Sanctions Current Affairs - 2019

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US not to sell F-35 fighter jets to Turkey for buying Russian S-400

Donald Trump, President of United States of America has announced that US would not sell F-35 fighter jets to Turkey, a major NATO ally after Ankara purchased S-400 missile defence system from sanctions-hit Russia.

Key Highlights

Turkey, a member of North Atlantic Treaty Organization (NATO) is denied purchase of F-35 fighter jets after it received the 1st batch of Russian missile defence system despite repeated warnings from US against the purchase.

CAATSA: Under current US laws, any country purchasing major defence equipment from Russia (against whom US has put sanctions) could be subjected to American sanctions. US has imposed a series of sanctions on Russian individuals/companies/government agencies over Russia’s military intervention in Ukraine.

Although US Congress has made amendments in Countering America’s Adversaries Through Sanctions Act (CAATSA) for a Presidential waiver and many in India believe that this Presidential waiver was for India but US officials had clarified that there was no blanket sanction waiver for any country.

F-35 Fighter Jet: It is a stealth, 5th-generation, multirole combat aircraft, designed for ground-attack and air-superiority missions.

What it means for India?

On October 2018 India inked an agreement with Russia in to procure a batch of S-400 missile systems at a cost of Rs.40,000 crore. Later in June 2019, S Jaishankar Union Minister of External Affairs conveyed his US counterpart Mike Pompeo that India will go by its national interest on S-400 missile defence deal with sanctions-hit Russia.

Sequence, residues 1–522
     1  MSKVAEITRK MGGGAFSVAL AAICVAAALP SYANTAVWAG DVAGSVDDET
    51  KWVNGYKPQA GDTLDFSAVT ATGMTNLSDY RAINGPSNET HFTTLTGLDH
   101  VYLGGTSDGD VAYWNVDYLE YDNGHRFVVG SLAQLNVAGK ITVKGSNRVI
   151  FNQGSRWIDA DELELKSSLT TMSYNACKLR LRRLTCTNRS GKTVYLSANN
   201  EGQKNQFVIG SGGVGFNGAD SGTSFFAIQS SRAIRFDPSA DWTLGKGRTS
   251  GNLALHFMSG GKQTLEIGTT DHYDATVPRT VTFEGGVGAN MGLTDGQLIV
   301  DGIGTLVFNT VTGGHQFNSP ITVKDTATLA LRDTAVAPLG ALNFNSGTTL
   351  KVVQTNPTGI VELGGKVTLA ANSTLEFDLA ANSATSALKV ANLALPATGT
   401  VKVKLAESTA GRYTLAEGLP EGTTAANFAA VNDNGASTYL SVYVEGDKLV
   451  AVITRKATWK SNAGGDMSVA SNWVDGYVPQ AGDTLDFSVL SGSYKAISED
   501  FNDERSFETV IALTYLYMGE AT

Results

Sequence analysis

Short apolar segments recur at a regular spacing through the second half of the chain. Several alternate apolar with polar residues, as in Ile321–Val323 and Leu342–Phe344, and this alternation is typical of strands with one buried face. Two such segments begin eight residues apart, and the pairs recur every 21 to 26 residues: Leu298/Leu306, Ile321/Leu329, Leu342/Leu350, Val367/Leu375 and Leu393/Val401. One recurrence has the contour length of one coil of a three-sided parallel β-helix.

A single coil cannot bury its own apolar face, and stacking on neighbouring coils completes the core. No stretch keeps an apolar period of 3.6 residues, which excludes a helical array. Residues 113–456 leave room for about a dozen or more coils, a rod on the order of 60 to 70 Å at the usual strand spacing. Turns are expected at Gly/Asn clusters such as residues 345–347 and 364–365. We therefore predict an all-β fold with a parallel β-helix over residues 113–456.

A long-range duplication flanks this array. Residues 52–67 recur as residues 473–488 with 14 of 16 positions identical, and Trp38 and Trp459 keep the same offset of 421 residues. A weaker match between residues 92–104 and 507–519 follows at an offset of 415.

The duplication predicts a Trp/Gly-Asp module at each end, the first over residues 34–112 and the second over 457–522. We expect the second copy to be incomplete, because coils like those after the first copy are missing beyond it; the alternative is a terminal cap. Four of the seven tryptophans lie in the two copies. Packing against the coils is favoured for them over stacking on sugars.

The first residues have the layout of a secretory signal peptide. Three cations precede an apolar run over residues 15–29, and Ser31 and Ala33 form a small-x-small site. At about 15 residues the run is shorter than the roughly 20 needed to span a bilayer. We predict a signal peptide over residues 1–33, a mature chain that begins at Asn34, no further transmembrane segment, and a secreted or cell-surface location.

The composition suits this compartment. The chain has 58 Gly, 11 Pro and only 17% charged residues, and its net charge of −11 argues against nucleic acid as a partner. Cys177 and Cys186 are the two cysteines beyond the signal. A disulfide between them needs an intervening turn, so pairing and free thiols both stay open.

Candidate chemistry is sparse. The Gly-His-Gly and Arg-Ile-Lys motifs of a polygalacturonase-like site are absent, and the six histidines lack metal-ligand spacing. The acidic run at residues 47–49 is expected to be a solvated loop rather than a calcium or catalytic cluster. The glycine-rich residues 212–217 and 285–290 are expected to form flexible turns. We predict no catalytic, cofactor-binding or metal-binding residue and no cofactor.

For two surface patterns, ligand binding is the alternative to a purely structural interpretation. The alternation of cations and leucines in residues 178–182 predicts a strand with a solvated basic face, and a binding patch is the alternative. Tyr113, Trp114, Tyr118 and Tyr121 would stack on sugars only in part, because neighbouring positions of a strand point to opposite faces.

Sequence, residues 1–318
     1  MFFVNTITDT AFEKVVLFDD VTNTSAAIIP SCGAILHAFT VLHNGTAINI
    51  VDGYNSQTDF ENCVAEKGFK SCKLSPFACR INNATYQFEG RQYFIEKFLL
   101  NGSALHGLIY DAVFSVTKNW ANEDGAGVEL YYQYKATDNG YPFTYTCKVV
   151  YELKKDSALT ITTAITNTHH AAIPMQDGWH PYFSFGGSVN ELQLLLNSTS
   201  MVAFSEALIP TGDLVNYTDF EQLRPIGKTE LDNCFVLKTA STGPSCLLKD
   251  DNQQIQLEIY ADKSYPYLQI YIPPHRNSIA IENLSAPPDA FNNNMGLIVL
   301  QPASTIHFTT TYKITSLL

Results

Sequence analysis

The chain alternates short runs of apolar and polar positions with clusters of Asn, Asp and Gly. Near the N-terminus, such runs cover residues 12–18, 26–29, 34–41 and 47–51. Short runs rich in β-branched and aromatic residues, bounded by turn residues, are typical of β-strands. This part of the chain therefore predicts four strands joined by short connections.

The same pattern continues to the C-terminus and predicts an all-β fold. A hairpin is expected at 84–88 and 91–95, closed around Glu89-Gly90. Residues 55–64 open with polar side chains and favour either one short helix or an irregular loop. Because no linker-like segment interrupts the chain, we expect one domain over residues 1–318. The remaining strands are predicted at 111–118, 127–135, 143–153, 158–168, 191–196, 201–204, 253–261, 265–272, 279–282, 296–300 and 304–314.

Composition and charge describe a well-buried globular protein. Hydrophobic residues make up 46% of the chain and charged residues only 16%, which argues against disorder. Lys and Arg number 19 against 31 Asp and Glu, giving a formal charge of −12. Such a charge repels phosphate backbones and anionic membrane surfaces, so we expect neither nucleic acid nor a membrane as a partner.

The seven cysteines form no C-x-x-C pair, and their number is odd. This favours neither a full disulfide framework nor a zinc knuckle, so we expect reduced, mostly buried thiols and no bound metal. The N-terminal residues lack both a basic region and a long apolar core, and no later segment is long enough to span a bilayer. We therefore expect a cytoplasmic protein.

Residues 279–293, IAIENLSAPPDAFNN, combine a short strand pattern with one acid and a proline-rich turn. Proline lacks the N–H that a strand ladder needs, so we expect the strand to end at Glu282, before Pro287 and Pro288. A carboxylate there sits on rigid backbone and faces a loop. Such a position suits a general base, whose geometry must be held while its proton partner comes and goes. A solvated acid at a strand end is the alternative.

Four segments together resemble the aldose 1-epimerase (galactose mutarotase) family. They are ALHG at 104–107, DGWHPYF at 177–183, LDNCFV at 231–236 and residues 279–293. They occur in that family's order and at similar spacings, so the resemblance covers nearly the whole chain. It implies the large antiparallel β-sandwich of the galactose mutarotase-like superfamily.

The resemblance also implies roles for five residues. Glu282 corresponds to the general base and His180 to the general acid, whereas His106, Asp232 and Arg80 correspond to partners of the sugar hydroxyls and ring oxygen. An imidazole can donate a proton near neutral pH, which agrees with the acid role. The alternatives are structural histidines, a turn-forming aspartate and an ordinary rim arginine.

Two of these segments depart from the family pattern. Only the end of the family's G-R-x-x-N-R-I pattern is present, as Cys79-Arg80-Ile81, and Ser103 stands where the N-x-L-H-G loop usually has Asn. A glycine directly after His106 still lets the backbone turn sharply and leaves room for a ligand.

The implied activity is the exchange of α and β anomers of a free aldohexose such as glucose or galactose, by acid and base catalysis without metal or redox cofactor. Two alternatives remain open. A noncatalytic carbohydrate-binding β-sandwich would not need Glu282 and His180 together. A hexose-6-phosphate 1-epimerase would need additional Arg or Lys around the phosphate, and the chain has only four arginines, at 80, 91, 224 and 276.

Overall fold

This decision by Trump Administration against Turkey could be an indication for India as New Delhi has also signed up with Russia to buy S-400 missile defence system against the advice of US.

UNSC unanimously adopts new sanctions against North Korea

The United Nations Security Council (UNSC) has unanimously passed new set of tougher sanctions against North Korea over its sixth and most powerful nuclear test (claimed to be Hydrogen bomb).

It was overall the ninth sanctions resolution unanimously adopted by UNSC since 2006 over North Korea’s ballistic missile and nuclear programs. The new sanctions imposes ban on North Korea’s textile exports and capping imports of crude oil.

New sanctions include

It limits on imports of crude oil and oil products to North Korea. It bans exports of textiles, which is North Korea’s second-biggest export worth more than $700million a year. It also limits North Koreans from working overseas, which may cut off $500 million of tax revenue per year.

Background

In recent months, North Korea under the leadership of Kim Jong-un had staged series of missile tests including ICBMs that appeared to bring much of US mainland into range. It was followed up with sixth nuclear test on September 3, 2017 which was the largest to date, was claimed to be a miniaturized hydrogen bomb. The US and its Asian allies argue that tougher sanctions will put pressure on North Korea to come to the negotiation table to discuss end to its nuclear and missile tests. Russia and China, which are close allies of North Korea also are pushing for talks. They have proposed suspension of US-South Korean military drills for freezing North Korea’s missile and nuclear tests.

United Nations Security Council (UNSC)

UNSC is one of six principal organs of the United Nations Organisation (UNO). Its mandate is to maintain international peace and security. UNSC has 15 members, including five permanent viz. China, France, Russia, United Kingdom and United States. Each of the five permanent members has veto power.

Its powers include establishment of peacekeeping operations, imposing international sanctions, and authorization of collective military action against through resolutions. It is the only UN body with the authority to issue binding resolutions to member states.